The applicator or his or her employer must furnish proof of liability insurance with coverage for bodily injury and property damage of at least $300,000 per occurrence and $300,000 aggregate, including coverage for products/completed operations, and the policy must be endorsed to cover herbicide applications.
The application equipment is limited to a single hand-held nozzle supplied by a tank with a maximum capacity of 25 gallons; an electric or hand-powered pump with a maximum discharge rate of 1.5 gallons per minute; and a discharge hose no more than 15 feet long.
Your TDA assigned ID number must be displayed in the upper right-hand corner of the vehicle used in the business or on both sides of any trailer used in the business. The name of the business shall be displayed on the right and left sides of all company vehicles or trailers. The lettering must not be less than two inches tall.
Application records must contain the date of the application and the property address.
This category of certification does not allow you to supervise the application of any pesticide by an uncertified person, advertise the application of herbicides or any other pesticide application, or purchase a restricted use pesticide.
Applicators certified under this category are not required to obtain a license, charter or bond.
For additional information, please call 615-837-5148.
Frequently Asked Questions
"What if I don’t charge for the pesticide, but just the rest of my services? Does that mean I don’t need a charter and license?"
You are still receiving monetary compensation for your services, and thus still providing custom application.
"What are the consequences of operating as a custom pesticide applicator without getting a charter and license?"
Operating without a charter is a Class A Misdemeanor under TAPA, punishable by up to a $2,500 fine and 11 months 29 days of incarceration.
"But I rarely use pesticides. I only need them every now and then. Do I still have to obtain the charter and license for such little work?"
The charter requirements in TAPA do not vary because of the volume of work a particular company has. If you find that the number of pesticide applications you perform does not warrant getting chartered, you can subcontract those applications to a chartered firm or simply not offer them.
"I use non-pesticidal control measures. Do I need to get a charter?"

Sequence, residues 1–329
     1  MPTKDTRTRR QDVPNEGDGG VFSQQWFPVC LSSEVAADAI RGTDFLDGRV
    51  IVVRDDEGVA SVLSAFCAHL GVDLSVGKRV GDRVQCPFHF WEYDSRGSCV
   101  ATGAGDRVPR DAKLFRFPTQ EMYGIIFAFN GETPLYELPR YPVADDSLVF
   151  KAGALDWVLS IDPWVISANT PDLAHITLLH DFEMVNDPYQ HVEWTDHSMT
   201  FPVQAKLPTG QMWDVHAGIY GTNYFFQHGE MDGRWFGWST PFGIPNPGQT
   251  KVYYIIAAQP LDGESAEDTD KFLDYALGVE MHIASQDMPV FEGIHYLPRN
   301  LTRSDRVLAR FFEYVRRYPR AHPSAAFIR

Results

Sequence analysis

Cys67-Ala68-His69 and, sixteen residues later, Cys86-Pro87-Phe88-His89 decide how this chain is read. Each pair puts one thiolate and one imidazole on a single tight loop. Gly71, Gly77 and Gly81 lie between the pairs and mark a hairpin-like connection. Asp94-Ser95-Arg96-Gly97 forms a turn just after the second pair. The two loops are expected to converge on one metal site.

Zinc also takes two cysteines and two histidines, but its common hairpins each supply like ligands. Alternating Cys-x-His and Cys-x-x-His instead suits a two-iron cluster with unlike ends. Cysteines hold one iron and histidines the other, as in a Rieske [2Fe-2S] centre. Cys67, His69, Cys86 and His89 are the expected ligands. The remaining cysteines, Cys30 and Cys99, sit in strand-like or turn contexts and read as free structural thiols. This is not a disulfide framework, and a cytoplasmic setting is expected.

If you don’t apply pesticides you do not need a charter. Please check all of your product labels closely. If you see an EPA Registration Number, it is a pesticide.
"I own a convenience market that has a deli counter. Will I need to hire out my pesticide applications to comply with TAPA’s requirement for restaurants?"
The law is written that if you prepare or serve food, you would need to do so. So, if your counter actually prepares food, such as assembling sandwiches, frying chicken, baking pizzas, etc. then the answer is yes. If, however, you only offer items like vendor-prepared sandwiches and other pre-packaged foods, and the customer merely makes a selection from a display case or fills a cup with soda, then the answer is no.
"I manage an apartment complex, and we have a terrible mole cricket problem. Is there anything my maintenance staff can do to control them without having a license?"
The section of TAPA that deals with this situation is confined to interior use. Thus, exterior pesticide applications by your maintenance staff without having a licensee would be legal. You would be prohibited from applying pesticides inside the units or in related enclosed areas, such as crawl spaces and attics.
"I want to start up a home inspection service for potential home buyers. I’d also like to be able to issue termite clearance letters and advise homeowners about controlling termites and other pests. Does TAPA require me to obtain any sort of license to do this?"
Wood destroying organism inspection reports may only be issued by firms that are chartered to provide wood destroying organism treatments. Reports must be issued on forms provided by the National Pest Control Association or the Federal Department of Housing and Urban Development. Such reports are to be warranted for 90 days, and persons knowingly issuing a false report are subject to legal action.
The Registration Review
The Department also has a monthly pesticide newsletter, "The Registration Review," which is available by subscription for $12 per year. It features newly registered pesticides, pertinent label changes, a listing of new chartered firms, upcoming meetings approved for recertification points, and other information. To obtain an order form, please call 615-837-5340.